Aluminum Versus Steel: Ferrous Fights Back with AHSS

Advanced high-strength steel goes toe-to-toe with aluminum in a strength/weight automotive challenge.

My recent video about the success of aluminum in Ford’s F-150 program struck a nerve with the steel community. They were quick to let me know that the metal is far from dead in automotive applications.

The folks at the Steel Market Development Institute (SMDI) dropped me a line to point out that advanced high-strength steels (AHSS) are responsible for significant performance improvements and weight reductions in current vehicle platforms.

The 2016 Chevrolet Malibu for example uses AHSS to allow a four-inch wheelbase stretch while cutting 300 pounds of weight compared to the 2015 model.

The 2016 Hyundai Tucson and the 2016 Kia Optima both use significantly more AHSS than the models they replace, making the current versions both lighter and stiffer. The 2016 Nissan Maxima has even dropped 82 pounds with greater torsional rigidity using high-strength steels.

Does this mean that steels can compete toe-to-toe with aluminum in automotive body construction? The short answer is yes, but in the long run the situation is a little more complicated.

A major advantage of steel is its formability, and the new high-strength grades promise this along with sufficient strength to allow down gauging for weight reduction. The new steels are not lighter than the old carbon grades, they’re stronger, allowing thinner panels than before.

Adding strength while maintaining enough ductility when stamping sheets into complex forms is a factor in mass production body stamping. Tailored, laser welded blanks put the thickness just where it’s needed in a large and complex die, and high-strength steels can be spot welded using conventional equipment.

It’s also significantly cheaper than aluminum sheet.

Overall process cost, however, is difficult to measure. Those tailored blanks, for example, might compete with thicker section single-gauge aluminum blanks, which might be strip or coil fed, lowering costs. And if plastic flow in tooling is thoroughly simulated before metal is cut, the formability issues that made aluminum notoriously difficult to stamp are no longer a major cost obstacle.

Advanced welding technologies, notably lasers, can be used with both processes, although it’s further developed with steels.

So, here’s the bottom line:

  1. Advanced high-strength steels are new materials with different properties to conventional carbon steels, so there is a learning curve with both AHSS and aluminum.
  2. Ferrous materials are easier to weld. Mechanical fastening is about the same in terms of complexity, although galvanic corrosion is an issue if aluminum must be joined to a steel substructure.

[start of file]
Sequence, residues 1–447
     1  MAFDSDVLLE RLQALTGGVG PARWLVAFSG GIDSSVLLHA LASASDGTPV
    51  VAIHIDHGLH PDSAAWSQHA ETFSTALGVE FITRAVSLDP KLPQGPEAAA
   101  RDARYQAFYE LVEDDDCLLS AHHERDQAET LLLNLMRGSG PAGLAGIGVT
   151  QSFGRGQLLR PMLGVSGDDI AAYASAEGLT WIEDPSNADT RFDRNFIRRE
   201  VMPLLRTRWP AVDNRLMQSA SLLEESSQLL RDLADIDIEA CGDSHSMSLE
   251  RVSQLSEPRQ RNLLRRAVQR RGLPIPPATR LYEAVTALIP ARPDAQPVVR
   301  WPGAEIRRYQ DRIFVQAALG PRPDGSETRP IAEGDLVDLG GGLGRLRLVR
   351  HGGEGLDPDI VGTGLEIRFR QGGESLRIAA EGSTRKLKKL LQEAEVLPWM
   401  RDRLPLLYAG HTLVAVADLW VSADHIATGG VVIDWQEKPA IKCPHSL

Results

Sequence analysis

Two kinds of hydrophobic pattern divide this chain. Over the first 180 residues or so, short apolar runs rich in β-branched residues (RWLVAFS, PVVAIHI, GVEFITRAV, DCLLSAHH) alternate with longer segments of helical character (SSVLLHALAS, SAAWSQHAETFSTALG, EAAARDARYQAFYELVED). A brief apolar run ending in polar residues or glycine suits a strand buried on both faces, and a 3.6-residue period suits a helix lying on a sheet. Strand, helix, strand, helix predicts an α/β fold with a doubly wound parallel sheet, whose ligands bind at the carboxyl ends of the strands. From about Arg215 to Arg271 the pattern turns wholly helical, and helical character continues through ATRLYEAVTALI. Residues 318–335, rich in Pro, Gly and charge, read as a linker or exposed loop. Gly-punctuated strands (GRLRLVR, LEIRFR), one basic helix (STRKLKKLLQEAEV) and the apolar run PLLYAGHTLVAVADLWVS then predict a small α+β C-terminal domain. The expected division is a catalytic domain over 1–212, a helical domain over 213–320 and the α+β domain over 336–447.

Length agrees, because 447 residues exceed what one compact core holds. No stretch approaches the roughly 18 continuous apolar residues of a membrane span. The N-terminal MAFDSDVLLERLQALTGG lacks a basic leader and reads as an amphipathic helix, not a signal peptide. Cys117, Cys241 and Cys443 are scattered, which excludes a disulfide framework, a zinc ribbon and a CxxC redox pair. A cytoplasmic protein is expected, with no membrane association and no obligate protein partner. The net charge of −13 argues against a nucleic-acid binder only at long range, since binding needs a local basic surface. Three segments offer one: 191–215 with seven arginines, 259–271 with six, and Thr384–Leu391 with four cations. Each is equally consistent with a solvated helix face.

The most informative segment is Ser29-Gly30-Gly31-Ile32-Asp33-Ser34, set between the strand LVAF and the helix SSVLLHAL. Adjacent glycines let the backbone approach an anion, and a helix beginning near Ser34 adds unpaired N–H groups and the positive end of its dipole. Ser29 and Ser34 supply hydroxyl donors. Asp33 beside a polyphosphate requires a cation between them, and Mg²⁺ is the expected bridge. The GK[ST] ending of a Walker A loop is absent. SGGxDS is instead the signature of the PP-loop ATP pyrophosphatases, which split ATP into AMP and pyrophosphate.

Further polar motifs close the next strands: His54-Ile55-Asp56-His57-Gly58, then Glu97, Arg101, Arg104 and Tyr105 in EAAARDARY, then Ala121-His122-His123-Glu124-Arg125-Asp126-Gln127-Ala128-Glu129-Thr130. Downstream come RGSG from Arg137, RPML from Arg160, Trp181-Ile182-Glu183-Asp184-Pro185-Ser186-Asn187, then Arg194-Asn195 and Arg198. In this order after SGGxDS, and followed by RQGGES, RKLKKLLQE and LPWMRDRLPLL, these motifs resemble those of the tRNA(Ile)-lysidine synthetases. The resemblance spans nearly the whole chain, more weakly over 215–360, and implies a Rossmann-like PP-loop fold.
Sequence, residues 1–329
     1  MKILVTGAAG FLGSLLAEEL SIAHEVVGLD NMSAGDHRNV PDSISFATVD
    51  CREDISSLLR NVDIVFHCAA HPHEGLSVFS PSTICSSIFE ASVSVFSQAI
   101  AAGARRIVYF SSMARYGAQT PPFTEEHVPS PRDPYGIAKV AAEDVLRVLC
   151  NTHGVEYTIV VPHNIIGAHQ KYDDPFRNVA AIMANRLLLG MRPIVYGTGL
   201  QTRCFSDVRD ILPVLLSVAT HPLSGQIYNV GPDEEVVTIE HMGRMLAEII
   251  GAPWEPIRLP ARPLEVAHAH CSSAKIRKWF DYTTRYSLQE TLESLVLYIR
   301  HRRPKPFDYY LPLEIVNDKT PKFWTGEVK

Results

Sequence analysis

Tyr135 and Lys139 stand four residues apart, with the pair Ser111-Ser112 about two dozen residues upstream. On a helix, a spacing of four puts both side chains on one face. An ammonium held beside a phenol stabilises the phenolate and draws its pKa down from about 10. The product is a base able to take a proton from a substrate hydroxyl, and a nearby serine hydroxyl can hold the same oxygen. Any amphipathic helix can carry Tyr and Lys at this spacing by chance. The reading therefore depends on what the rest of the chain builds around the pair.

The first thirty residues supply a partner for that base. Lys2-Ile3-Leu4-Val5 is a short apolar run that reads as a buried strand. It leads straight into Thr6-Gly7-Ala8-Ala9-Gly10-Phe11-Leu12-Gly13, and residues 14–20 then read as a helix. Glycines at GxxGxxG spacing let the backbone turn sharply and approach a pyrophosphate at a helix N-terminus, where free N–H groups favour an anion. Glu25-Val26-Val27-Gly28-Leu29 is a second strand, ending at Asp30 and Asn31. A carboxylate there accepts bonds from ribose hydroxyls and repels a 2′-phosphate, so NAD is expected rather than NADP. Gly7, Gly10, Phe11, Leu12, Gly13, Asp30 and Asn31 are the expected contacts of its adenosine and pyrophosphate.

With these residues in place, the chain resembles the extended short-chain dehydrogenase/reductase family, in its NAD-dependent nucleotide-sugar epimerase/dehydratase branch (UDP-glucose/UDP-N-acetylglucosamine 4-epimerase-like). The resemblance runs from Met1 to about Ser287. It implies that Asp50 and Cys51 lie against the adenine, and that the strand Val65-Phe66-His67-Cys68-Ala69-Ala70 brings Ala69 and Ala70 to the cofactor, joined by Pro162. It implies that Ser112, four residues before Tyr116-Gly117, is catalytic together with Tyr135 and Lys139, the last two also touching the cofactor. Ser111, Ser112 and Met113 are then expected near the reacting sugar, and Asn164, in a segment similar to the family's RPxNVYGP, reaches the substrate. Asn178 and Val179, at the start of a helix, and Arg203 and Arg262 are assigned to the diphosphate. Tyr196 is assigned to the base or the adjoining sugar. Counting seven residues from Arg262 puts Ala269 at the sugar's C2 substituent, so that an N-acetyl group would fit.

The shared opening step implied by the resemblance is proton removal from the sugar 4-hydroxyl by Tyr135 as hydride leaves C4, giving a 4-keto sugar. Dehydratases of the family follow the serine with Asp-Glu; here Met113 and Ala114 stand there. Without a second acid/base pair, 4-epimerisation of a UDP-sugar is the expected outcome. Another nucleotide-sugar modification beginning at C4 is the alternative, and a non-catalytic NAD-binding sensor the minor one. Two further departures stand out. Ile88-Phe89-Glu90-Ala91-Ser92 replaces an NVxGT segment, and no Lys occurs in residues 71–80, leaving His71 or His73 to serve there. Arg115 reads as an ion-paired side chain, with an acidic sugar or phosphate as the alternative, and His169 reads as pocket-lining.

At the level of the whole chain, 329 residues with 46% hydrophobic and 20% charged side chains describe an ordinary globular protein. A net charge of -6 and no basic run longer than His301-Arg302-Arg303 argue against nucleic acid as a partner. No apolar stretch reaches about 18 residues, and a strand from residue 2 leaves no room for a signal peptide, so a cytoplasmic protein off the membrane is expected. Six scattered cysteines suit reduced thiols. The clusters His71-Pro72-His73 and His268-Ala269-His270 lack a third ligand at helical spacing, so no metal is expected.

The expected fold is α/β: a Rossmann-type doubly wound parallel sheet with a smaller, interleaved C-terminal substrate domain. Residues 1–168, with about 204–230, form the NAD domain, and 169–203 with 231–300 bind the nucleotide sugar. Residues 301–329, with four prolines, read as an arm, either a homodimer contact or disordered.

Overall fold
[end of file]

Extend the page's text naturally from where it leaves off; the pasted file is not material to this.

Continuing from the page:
3. Aluminum is lighter, and can be formed from relatively thick sheets. High-strength steels can match aluminum parts application-for-application by part redesign and thinner gauge sheet.
  4. Both steel and aluminum are 100 percent recyclable. However, steel is easier to handle in the recycling process.
  5. What may decide the future of automotive bodies: aluminum is cool. Aluminum is the material of aircraft and space vehicles, as well as exclusive luxury vehicles and sports cars. Aluminum has cachet, ironically, because of its limited use to do forming difficulties and high costs before Ford’s mass production breakthrough.

So, in the end, this may be less about an engineering breakthrough and more of a marketing one.

Dollar for dollar, who wouldn’t want a vehicle made from the stuff of rockets and fighter planes? And by dollar for dollar, I mean that literally. Ford’s F-150 is currently priced similarly to GM and Fiat Chrysler’s models, which are Ford’s primary competitors in the light truck market.

I suspect that Ford is eating some margin to keep pricing in line. Would buyers pay a 10 to 15 percent price premium for aluminum bodies? For mainstream vehicles, I suspect the answer is “no,” especially if advanced steel vehicles are not significantly heavier.

Should aluminum vehicles demonstrate superior corrosion resistance and no additional cost in collision insurance, however, high residual values on trade-in may tip the balance in aluminum’s favor. This remains to be seen, especially as the steel community is working hard on improved corrosion resistance as well.

In a sense, I have skin in this game. I drive an older F-150, whose steel body I’m slowly replacing with advanced composites, namely Bondo and fiberglass. I’m going to have to replace it at some point, and the aluminum structure of the F-150 may be a factor in that decision. But not as much as the price and towing specs, and I’m sure that’s the metric with a lot of buyers.

When reliable sales numbers are out, we’ll follow up.

Written by

James Anderton

Jim Anderton is the Director of Content for Mr. Anderton was formerly editor of Canadian Metalworking Magazine and has contributed to a wide range of print and on-line publications, including Design Engineering, Canadian Plastics, Service Station and Garage Management, Autovision, and the National Post. He also brings prior industry experience in quality and part design for a Tier One automotive supplier.